A picture is worth a thousand words, and for Christian Opportunity Center person supported Mike Cossolotto, those words tell an incredible story.
Mike is nonverbal, but for the past year and with the help of volunteer Tony Pearson, he has been telling his story through painting. On Saturday, Sept. 19, 2015, Mike shared his story through his art show at the Joan Kuyper Farver Art Gallery inside the Pella Community Center.
Tony, a history major and 2014 graduate of Central College, presented the idea of painting to Mike after volunteering at COC through Central’s Service Learning course. Cheri Doane, Director of Community Based Learning, challenged Tony to do something different.
“I was scared and uncomfortable,” said Tony. “But Cheri said she wanted me to go to COC, so I did what she asked and that’s how it all started.”
The two settled on painting after Tony spotted Mike’s fluid hand movement. Mike’s motion was not all that surprising, as his mother is also an artist. But the seemingly insignificant semicircle completely changed Tony’s perspective.
“I no longer saw his disability,” Tony said. “It changed everything about how I work with him and how I approach a person with a disability.”
With the help of Tony and COC staff, Mike has completed 25-30 works of art using many different strategies, including: painting with a special glove, painting with the wheels on his wheelchair and painting using stencils.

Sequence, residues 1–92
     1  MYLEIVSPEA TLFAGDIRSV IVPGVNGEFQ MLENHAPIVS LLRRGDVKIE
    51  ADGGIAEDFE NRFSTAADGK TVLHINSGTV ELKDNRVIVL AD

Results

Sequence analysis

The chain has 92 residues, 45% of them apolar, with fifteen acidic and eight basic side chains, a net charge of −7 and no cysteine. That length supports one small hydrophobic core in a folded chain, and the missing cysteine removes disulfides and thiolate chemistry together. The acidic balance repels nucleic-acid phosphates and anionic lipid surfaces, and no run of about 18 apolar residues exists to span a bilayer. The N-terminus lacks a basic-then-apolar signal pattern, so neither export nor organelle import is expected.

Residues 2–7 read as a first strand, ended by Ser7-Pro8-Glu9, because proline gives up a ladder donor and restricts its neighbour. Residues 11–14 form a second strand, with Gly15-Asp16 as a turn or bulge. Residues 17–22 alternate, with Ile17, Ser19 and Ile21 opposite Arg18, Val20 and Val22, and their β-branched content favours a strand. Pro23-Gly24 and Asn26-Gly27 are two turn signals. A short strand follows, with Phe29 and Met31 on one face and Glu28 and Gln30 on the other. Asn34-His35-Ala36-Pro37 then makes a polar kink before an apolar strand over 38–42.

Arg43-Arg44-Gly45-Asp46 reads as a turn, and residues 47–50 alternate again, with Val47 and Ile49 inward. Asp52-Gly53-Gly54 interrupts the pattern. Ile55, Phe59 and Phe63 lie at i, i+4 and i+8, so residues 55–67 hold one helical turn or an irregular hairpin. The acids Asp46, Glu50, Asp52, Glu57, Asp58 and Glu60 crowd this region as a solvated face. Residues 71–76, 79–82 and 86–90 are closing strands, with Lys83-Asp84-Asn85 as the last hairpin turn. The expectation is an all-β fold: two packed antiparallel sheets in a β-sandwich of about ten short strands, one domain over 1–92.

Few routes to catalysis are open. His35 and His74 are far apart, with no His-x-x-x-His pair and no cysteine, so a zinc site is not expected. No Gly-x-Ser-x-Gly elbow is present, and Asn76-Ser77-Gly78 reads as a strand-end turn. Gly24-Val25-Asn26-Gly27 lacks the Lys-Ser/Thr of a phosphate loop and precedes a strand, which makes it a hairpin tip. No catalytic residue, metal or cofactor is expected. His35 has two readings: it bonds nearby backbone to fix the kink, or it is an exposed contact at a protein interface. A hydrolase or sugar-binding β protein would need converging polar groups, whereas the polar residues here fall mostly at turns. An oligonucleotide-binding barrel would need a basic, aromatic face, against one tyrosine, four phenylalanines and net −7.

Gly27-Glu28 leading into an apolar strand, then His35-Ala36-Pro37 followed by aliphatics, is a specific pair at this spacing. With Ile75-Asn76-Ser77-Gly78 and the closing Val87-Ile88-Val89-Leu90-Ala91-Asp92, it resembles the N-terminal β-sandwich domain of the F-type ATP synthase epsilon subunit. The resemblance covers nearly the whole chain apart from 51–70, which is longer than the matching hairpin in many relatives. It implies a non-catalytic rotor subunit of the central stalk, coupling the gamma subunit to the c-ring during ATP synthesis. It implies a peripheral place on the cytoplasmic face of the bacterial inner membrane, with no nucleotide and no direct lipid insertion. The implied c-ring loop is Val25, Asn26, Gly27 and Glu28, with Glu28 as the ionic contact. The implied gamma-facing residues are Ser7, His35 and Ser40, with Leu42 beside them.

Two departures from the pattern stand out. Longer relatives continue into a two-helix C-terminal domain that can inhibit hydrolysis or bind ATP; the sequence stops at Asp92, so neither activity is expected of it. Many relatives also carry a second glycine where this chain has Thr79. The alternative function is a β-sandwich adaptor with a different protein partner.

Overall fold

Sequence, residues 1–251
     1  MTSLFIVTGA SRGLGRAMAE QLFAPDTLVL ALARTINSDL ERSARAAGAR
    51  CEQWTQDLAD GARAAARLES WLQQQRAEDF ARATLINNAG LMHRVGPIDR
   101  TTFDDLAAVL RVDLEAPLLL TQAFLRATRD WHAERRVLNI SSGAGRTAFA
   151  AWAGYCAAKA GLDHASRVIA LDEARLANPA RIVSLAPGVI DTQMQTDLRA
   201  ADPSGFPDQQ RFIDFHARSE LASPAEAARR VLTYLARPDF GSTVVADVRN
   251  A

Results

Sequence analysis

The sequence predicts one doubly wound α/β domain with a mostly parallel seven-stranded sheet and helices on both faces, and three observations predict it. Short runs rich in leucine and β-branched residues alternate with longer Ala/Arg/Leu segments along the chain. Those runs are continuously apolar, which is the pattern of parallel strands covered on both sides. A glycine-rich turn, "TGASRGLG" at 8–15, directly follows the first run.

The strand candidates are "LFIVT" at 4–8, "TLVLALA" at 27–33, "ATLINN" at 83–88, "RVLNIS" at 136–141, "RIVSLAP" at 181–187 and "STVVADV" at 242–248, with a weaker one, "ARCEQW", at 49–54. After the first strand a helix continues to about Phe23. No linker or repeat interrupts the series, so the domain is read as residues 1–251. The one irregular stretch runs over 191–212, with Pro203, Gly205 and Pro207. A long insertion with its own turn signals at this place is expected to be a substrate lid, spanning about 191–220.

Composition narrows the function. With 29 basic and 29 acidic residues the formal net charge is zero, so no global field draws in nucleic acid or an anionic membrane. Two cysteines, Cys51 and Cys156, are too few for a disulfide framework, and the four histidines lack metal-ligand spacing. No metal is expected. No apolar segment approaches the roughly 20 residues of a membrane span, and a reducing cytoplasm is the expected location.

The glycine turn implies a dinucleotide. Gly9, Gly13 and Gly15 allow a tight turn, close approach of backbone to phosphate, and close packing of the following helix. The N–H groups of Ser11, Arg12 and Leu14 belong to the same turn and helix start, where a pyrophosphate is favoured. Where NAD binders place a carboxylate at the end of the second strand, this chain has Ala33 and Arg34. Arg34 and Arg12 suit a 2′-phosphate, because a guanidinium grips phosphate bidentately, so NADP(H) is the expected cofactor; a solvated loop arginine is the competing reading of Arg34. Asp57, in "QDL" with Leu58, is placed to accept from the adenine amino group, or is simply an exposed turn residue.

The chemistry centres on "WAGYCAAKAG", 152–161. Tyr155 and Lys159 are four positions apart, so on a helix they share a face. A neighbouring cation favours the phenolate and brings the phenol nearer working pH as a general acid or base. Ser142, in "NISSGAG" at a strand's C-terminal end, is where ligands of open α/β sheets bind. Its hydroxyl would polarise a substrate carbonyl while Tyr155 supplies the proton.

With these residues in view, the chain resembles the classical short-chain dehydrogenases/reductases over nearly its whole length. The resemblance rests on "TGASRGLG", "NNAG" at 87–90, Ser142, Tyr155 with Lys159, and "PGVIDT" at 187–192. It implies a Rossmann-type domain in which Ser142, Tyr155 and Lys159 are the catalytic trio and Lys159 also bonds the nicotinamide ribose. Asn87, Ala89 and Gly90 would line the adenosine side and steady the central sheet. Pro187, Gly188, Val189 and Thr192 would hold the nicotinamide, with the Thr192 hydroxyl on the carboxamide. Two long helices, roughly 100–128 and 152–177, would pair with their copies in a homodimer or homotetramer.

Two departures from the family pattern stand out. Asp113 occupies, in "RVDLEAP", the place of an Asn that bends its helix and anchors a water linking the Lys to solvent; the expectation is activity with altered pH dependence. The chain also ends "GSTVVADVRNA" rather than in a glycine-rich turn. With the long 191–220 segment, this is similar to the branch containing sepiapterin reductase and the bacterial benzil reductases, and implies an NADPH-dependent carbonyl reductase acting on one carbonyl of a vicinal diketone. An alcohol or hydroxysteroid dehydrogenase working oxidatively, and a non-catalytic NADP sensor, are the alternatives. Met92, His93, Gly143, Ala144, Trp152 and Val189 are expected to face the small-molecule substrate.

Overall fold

But of all the paintings, one has special meaning. Mike indicated that his mom was to have his very first painting. It was featured on the back of the biography cards and booklets at the art show. In addition to Mike’s first work, Tony was impressed by another painting, an abstract that portrays a person riding a bicycle.
“It wasn’t just a bicycle,” Tony said. “Mike’s legs were on either side and there were handlebars. That was a special painting and Mike created it. It was pretty emotional for me.”
Mike discovered an untapped talent due to the efforts Central’s community based learning program and Matthew Kelly’s art courses, COC’s staff and volunteer opportunities, Tony’s commitment and the response of the Pella community.
And Mike provided the vision.
“This is good for our community,” said Tony. “Without Central College, COC, Mike, and the Pella community, this wouldn’t have been possible. I can’t thank everyone enough.”
Mike’s art will be on display through Oct. 15, Monday through Friday, 7:30 a.m.-4:15 p.m.
Founded in 1969, COC provides residential, vocational and spiritual supports and services to nearly 300 people with disabilities in Dallas, Marion, Mahaska, Warren and Polk counties. For more information visit http://christianopportunity.org/ or connect with Christian Opportunity Center on Facebook.